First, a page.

There is No Year by Blake Butler (Harper Perennial, April 2011)
What begins as a deceptively simple novel turns into an allegory for the banality of everyday life. A family without names has moved into a house that often turns into a house of horrors with holes in the walls and a room filled with hair, and a copy family that torments father, mother and son. Everyday occurrences are brought down to their most basic and visceral elements in this novel and will be recognizable by all of us, even though we may not want to see them. Butler brings to life the secrets we hid from each other and ourselves and the mindlessness and inattentiveness we give to our daily tasks. The novel explores the things we discover about ourselves and others when we remember to stop and pay attention to the details, the things from our past that keep a hold on us, our longings and our hopes and how we recognize the best and worst in each other and ourselves.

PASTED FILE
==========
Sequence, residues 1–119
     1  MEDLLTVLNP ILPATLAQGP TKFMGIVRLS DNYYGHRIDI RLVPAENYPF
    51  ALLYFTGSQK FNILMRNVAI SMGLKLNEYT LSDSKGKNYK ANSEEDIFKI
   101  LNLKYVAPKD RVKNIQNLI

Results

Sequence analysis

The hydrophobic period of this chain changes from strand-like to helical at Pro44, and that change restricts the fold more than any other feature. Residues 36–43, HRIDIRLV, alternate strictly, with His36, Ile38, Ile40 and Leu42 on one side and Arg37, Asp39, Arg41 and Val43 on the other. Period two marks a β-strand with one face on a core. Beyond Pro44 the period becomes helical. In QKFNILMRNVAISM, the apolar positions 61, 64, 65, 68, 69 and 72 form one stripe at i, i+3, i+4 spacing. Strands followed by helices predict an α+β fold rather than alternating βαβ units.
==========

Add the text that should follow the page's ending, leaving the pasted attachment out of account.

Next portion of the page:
The physical format of the book, pages in varied shades of grey remind us that nothing is black and white; the sparseness of words on the pages reminds us how we need others to fill our lives. Stark but elegant prose conveys the lack of connectivity we all feel from time to time, from our environment, families and from to ourselves. Blake is a clever writer and it often feels that he is playing a trick on the readers in this dystopic novel.